My father has had three funerals. The third (though perhaps not final) one, was last night.
In reality, Lewis died in 1997. Cancer. Aged 52. He had a real funeral. I was there. The next two funerals occurred only in my dreams, yet they seemed real at the time, and their impact during the waking hours was keenly felt.
You see, during the intervening nineteen years, Lewis has come back to life in my dreams, many times. It is more than simply having a dream about him. During these nighttime images, it is noted that Lewis shouldn't be there, that he died of cancer and is resting six feet under. How, then, could he be alive and, seemingly, healthy?
It was in October 1996 when I heard the news that dad had terminal cancer. My first reaction was that of anger. It was a selfish anger. I wasn't irate at Lewis losing years off his life, or that his fourth wife would become a widow, or that his 2-year-old son would become fatherless. I was indignant because there were still things unresolved between us and, at age twenty, I feared (correctly, as it turns out) that I didn't what it would take to confront them.
The return of Lewis over the years has been a subconscious attempt to resolve the issues I had with him. The first time he came back, it was in a dream just a week or so after he was buried, wherein my lifelong fear of him announced itself with a dark, lightning-filled dreamscape in which dad came rising, angrily, up through the ground. He arose through a sloshing tar pit, unspeaking, but I knew he was coming for me.
Over the years, the resurrections have been much less threatening, though still unsatisfying. There was the series of dreams where he was back, alive, just as he always had been, though he'd fallen on hard times. For whatever reason, Lewis had decided not to go back to his last wife and child, and was instead taken-in by my mom. I lived with her, in the dream. There was no hint of a rekindled romance between them. Dad was simply there until he could get back on his feet.
In the sequence of dreams that followed, it was much as it had been during the years my parents were married. Dad would be gone during the week, working on construction somewhere, and would return home on the weekends. He would be distant, though friendly enough. I wanted to talk with him, to ask his advice on things that were now going on in my life. At times, I did. He offered vague platitudes, nothing more.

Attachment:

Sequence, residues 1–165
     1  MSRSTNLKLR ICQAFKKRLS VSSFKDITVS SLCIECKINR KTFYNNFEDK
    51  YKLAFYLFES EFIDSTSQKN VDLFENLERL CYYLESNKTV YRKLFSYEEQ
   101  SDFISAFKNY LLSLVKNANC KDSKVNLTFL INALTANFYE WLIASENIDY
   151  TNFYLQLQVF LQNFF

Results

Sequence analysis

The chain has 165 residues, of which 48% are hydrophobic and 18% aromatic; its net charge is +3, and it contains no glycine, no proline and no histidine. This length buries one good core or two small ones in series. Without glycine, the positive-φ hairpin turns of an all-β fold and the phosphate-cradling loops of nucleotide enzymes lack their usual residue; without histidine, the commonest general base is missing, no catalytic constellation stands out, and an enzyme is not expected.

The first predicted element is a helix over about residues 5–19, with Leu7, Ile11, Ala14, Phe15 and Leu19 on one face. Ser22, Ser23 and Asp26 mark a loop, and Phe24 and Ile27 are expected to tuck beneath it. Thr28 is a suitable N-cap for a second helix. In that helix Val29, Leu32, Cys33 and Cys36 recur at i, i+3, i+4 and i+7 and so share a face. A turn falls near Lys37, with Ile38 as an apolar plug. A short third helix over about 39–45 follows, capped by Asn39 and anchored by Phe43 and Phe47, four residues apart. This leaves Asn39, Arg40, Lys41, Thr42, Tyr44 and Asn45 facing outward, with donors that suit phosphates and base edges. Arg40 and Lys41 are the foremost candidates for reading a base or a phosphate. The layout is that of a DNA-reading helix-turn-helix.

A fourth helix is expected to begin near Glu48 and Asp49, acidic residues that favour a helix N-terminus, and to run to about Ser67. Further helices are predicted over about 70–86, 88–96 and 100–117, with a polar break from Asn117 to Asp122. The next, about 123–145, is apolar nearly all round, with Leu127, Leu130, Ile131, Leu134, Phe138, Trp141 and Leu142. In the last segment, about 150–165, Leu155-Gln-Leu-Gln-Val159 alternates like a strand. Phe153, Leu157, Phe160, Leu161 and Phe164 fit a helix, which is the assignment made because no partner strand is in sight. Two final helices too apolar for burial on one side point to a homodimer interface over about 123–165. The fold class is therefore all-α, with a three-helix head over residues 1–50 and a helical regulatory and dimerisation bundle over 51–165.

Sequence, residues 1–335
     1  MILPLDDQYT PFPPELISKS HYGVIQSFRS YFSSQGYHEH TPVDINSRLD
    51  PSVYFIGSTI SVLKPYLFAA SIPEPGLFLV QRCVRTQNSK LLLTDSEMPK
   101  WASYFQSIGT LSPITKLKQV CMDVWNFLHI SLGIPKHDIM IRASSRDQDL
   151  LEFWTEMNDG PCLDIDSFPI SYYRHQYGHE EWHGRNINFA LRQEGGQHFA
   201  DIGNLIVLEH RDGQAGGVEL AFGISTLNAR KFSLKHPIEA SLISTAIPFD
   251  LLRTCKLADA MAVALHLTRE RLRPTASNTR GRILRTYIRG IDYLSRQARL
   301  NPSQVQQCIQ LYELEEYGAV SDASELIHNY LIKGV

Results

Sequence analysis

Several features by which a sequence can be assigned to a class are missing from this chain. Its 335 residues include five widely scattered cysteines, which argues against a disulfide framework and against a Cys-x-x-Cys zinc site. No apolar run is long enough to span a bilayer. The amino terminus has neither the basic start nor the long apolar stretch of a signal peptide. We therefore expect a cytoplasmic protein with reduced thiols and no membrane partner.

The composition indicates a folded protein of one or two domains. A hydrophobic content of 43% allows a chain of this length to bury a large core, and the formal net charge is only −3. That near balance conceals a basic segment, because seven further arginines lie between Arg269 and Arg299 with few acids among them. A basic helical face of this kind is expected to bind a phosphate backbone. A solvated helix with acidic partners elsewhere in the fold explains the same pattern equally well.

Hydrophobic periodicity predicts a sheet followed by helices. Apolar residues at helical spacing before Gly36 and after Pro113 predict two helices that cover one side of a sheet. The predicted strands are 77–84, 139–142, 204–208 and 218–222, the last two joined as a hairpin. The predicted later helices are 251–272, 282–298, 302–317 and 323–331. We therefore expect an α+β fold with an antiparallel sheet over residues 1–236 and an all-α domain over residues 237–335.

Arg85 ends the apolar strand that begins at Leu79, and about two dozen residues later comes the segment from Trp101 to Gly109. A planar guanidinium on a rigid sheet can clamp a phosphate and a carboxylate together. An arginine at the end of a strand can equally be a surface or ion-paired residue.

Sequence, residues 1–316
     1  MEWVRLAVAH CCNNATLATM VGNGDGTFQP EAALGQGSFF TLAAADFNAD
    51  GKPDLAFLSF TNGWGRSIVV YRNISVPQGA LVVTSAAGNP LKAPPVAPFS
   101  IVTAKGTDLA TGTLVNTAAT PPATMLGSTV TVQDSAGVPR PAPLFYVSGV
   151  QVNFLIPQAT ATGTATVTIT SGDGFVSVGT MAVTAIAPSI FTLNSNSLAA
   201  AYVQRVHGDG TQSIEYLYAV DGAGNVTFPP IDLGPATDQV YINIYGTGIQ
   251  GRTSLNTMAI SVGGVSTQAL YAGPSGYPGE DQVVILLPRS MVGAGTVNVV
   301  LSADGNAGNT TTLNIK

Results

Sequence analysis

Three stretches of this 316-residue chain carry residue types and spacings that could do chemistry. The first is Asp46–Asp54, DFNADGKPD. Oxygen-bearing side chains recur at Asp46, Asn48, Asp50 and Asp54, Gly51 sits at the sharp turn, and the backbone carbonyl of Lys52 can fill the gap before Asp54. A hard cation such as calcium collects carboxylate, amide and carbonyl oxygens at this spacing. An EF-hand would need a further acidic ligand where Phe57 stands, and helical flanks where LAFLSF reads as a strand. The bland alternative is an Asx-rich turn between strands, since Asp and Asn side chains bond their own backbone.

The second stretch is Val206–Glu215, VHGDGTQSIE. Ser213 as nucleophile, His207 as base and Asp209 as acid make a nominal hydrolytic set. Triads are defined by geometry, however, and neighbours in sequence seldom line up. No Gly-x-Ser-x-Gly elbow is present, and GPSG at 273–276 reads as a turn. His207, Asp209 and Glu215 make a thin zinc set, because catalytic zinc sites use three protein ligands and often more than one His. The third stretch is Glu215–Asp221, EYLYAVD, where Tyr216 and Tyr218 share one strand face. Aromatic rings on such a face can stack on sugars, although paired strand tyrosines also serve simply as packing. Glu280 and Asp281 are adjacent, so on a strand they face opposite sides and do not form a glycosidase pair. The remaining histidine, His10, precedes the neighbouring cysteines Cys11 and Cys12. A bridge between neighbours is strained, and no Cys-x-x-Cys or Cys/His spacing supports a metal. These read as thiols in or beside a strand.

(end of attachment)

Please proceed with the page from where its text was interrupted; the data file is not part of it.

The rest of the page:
One day, in yet another excursion into my nightly stupor, Lewis died, again. The cancer had come back, taking him much more quickly this time. There we all were -- friends and family -- in a different funeral location this time, saying goodbye. "Are we really doing this again?" I asked a faceless family member, who nodded their head in the affirmative.
Then, a few years later, a new set of dreams began and, somehow, dad was back. Incredulous, I would ask people (never him) how this was happening him. "He fought back the cancer," they would say, shrugging, not seeming to fully understand it themselves. This time, dad was thinner than he'd been in his prime, the excuse being that the cancer wasn't completely gone, but that he was managing to keep it at bay.
Over the next few years, I would dream about dad every few months. It was nearly always the same: He was living in a plain, white house in a nameless small town a few miles from Champaign. He lived alone, though admitted to having the odd woman around for company sometimes. He was almost always smiling, the same, skeletal smile I remember him having in the months when he was dying. It was a forced smile, a smile that masked unhappiness.
I visited Lewis in that little house so many times. On each occasion, I was hoping for a breakthrough. Nearly every time, I left disappointed. Our visits were always pleasant enough, but I never felt especially close with him. We'd make some small talk, then I'd leave. 'We're never going to have a connection,' I'd think. Awaking the next morning, I'd shake my head and hope for better luck in the next dream, if one were to occur.
Last night, the dream returned, and I was informed -- again, by some faceless family member -- that Lewis had died. He had, yet again, lost his battle with cancer. Once more, I'd not had a chance to say a proper goodbye (if such a thing truly exists). We hadn't had any kind of meaningful conversations. Nothing had changed much from where it was in 1997, the 'first' time he had died. On this occasion, the funeral was sparsely attended. I didn't recognize anyone there.
The dream has bothered me all day. Of course its contents were sad, but that isn't what has gnawed at me most. It is the realization that, almost two decades later, my mind is obviously not satisfied with our relationship. I took a drive later in the day and had one of those ugly cries, wherein the tears are accompanied by soft moans.
It starkly registers that, just when I think things have calmed down, emotionally, when I think my 40-year-old self has reflected all it can and come to sort of closure with the past, the brain says no, you must torment yourself more. Your father must rise, then die, again. And that is the cruelest cut of all, when you do it to yourself.